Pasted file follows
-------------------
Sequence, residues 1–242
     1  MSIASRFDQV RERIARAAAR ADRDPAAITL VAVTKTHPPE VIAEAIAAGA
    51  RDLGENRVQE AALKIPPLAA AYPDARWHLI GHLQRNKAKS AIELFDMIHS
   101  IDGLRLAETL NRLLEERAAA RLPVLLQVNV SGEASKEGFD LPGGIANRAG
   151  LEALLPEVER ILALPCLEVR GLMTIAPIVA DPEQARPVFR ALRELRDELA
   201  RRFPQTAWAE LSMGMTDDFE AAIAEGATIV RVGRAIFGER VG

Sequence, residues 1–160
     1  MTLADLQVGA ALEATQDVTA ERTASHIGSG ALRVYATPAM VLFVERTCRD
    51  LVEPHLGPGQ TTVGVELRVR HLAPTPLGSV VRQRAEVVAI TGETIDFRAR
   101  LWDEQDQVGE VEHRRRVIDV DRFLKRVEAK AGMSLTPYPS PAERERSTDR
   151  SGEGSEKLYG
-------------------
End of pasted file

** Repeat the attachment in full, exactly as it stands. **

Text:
Sequence, residues 1–242
     1  MSIASRFDQV RERIARAAAR ADRDPAAITL VAVTKTHPPE VIAEAIAAGA
    51  RDLGENRVQE AALKIPPLAA AYPDARWHLI GHLQRNKAKS AIELFDMIHS
   101  IDGLRLAETL NRLLEERAAA RLPVLLQVNV SGEASKEGFD LPGGIANRAG
   151  LEALLPEVER ILALPCLEVR GLMTIAPIVA DPEQARPVFR ALRELRDELA
   201  RRFPQTAWAE LSMGMTDDFE AAIAEGATIV RVGRAIFGER VG

Sequence, residues 1–160
     1  MTLADLQVGA ALEATQDVTA ERTASHIGSG ALRVYATPAM VLFVERTCRD
    51  LVEPHLGPGQ TTVGVELRVR HLAPTPLGSV VRQRAEVVAI TGETIDFRAR
   101  LWDEQDQVGE VEHRRRVIDV DRFLKRVEAK AGMSLTPYPS PAERERSTDR
   151  SGEGSEKLYG